Diagnosing cluster headaches

March 9, 2009 3:33:03 PM PDT
A lot of people are sleepy, especially after springing forward early Sunday and losing an hour of sleep.This time of year can also prompt painful headaches for some people.

They are called cluster headaches, ominously referred to as "suicide headaches" because the pain is so severe that patients have sought the ultimate relief. They're six times more common in men than women, and for some, they started this weekend.

Forty-eight-year-old Olga Candelaria says she's glad she found the Montefiore Headache Center. Since she was 16, she's been told she had migraine headaches. But the symptoms were behind one eye, in her face and jaw.

"Like a train hitting your head," she said. "Your eye starts getting droopy, your nose gets stuffy, hard to breathe."

No, not migraines. Olga had cluster headaches, severe pain lasting an hour, coming several times a day, and clustered in the weeks and months around seasonal changes and man-made time changes.

The cluster periods commonly occur after the longest and shortest days of the year, and also after the resetting of the clock for daylight savings time.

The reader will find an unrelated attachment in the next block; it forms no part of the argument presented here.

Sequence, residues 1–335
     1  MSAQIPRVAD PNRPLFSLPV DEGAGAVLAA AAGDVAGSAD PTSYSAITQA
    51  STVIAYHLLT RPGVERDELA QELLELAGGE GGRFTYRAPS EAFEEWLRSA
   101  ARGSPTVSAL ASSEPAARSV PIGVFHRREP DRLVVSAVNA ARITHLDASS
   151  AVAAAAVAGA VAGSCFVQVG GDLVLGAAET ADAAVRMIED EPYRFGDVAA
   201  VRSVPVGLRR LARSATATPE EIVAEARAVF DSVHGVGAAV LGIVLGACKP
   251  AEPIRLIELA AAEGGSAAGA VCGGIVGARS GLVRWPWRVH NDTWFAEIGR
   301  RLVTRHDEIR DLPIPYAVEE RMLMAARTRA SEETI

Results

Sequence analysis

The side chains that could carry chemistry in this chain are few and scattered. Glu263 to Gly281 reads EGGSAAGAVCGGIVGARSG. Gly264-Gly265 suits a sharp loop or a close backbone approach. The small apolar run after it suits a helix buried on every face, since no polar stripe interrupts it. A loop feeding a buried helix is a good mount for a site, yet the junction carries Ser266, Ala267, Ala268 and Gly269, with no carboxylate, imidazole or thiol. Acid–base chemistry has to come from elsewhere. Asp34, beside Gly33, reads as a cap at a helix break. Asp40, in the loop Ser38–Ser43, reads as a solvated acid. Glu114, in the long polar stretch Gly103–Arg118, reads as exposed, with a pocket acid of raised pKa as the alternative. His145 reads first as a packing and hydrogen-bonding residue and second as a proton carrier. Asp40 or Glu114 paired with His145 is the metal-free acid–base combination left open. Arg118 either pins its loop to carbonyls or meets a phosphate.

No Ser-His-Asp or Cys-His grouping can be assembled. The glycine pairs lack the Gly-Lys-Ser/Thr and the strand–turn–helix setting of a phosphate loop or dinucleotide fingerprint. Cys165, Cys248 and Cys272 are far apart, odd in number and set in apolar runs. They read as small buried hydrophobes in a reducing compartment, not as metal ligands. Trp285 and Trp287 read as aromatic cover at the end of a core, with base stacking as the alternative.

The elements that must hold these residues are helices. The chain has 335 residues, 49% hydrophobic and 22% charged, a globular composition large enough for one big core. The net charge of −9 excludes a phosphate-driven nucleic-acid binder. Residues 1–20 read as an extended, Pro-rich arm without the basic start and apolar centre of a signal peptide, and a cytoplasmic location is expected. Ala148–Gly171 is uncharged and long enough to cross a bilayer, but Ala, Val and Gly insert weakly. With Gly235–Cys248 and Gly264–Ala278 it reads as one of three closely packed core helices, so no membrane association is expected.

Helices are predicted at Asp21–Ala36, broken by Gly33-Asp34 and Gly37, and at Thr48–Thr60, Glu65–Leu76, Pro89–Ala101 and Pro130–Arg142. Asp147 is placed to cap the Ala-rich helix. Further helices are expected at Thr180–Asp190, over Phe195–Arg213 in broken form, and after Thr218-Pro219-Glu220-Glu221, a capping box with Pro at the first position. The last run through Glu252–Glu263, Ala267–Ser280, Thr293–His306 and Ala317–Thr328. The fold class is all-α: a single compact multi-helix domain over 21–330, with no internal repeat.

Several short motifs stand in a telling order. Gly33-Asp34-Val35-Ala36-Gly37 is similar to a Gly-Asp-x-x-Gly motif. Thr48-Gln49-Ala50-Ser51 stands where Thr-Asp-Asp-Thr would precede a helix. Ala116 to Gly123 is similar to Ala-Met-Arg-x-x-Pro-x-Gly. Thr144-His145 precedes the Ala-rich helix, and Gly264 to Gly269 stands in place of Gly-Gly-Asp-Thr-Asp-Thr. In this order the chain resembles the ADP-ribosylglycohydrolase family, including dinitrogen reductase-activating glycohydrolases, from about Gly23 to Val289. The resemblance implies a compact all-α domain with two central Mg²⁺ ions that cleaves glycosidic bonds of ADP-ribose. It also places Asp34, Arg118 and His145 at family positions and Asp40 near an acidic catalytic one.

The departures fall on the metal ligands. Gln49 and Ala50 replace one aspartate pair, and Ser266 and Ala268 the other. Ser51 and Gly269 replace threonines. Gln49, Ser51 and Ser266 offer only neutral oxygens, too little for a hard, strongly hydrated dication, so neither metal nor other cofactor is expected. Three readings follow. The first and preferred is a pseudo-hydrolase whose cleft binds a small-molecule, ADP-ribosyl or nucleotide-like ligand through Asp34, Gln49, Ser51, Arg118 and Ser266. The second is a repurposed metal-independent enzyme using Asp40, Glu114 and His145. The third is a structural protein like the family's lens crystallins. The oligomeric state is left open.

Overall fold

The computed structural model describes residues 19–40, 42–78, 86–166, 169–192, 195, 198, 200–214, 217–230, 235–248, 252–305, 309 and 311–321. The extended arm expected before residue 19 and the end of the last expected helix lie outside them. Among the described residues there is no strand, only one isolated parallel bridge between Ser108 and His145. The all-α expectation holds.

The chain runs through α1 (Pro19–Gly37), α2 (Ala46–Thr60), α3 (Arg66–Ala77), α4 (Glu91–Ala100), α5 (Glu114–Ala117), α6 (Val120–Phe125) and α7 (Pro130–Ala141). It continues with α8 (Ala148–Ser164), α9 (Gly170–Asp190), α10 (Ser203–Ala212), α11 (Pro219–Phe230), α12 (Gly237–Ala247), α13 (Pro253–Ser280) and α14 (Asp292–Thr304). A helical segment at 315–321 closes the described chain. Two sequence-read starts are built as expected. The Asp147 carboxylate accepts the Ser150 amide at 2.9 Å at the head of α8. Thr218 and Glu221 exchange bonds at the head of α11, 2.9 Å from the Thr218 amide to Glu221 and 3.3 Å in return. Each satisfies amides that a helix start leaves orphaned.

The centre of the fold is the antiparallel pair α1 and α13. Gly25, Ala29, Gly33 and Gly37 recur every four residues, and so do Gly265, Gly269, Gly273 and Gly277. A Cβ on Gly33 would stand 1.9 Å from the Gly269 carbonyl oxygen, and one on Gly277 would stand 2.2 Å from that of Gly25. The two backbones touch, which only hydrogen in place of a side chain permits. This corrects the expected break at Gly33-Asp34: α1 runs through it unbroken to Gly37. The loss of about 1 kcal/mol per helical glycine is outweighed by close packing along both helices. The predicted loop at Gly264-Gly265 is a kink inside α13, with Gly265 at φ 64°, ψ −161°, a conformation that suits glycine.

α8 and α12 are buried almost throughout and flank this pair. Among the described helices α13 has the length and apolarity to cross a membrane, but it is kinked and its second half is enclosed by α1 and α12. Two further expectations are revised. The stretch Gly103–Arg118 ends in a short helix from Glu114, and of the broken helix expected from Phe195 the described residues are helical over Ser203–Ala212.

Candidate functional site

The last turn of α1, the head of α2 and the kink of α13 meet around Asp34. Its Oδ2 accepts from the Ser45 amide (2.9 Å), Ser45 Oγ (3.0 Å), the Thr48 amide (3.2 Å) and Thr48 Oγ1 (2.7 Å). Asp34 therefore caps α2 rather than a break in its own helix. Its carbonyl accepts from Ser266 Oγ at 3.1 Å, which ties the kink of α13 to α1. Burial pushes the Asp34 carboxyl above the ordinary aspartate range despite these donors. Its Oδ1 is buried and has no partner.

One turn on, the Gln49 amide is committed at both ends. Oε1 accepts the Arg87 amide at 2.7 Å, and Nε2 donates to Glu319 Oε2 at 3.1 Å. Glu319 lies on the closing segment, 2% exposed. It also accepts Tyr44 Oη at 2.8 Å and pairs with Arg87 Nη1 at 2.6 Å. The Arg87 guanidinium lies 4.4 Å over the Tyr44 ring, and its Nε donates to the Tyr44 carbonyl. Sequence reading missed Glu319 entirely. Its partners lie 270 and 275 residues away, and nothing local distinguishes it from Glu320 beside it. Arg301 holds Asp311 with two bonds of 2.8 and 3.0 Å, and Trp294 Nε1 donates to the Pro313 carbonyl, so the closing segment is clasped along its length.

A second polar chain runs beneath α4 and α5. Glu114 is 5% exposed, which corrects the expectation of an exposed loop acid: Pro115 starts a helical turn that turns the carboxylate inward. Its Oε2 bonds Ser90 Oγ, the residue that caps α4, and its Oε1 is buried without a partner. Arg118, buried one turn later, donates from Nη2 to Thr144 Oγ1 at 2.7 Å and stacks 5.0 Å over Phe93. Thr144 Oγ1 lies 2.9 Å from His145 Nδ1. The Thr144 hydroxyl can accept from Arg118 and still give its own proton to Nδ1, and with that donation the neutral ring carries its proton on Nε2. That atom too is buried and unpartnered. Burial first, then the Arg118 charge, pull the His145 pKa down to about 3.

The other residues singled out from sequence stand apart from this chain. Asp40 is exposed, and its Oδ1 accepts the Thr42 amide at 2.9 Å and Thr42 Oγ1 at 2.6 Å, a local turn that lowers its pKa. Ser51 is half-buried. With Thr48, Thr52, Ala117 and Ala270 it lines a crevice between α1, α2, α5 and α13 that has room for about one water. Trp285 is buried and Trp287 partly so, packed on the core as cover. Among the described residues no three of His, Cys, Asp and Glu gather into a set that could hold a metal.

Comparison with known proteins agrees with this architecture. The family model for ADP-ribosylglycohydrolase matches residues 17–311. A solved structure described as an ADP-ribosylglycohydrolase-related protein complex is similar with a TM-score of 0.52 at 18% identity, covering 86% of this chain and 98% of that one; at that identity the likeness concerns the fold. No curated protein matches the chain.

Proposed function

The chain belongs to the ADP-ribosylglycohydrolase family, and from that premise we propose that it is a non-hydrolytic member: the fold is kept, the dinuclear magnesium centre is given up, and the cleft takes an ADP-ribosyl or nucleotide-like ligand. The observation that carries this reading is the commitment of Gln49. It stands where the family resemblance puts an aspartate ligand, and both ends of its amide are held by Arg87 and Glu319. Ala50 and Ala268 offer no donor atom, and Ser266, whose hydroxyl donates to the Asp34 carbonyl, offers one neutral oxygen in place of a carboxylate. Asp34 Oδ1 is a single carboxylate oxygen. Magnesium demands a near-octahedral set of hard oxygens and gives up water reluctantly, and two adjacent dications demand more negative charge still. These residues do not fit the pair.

As for the pain?

"One of the most excruciating pain conditions of mankind," Dr. Brian Grosberg said. "I had a woman tell me it's like giving birth to 100 babies at the same time without an epidural."

It's so bad, says Dr. Grosberg, that some patients bang their head against the wall, cry out, and, to end the pain when the clusters hit, some have committed suicide.

During these cluster periods, there are things that trigger the headaches. Alcohol is one. Another is nitrates in hot dogs and medications. Also, a lack of oxygen can be a trigger. That can happen at night in patients with sleep apnea.

Olga takes medications such as verapimil and topamax to prevent attacks and the tryptan drugs to stop them if they break through. Her advice to headache sufferers is to get the right diagnosis.

A lot of people settle for seeing their primary doctor," she said. "See a neurologist to get the right treatment and medication."

Because the pain can be diffused across one side of the face and head, patients get needless surgeries. Some attacks happen in the middle of the night, when sleep apnea can drop a patient's oxygen level in the blood.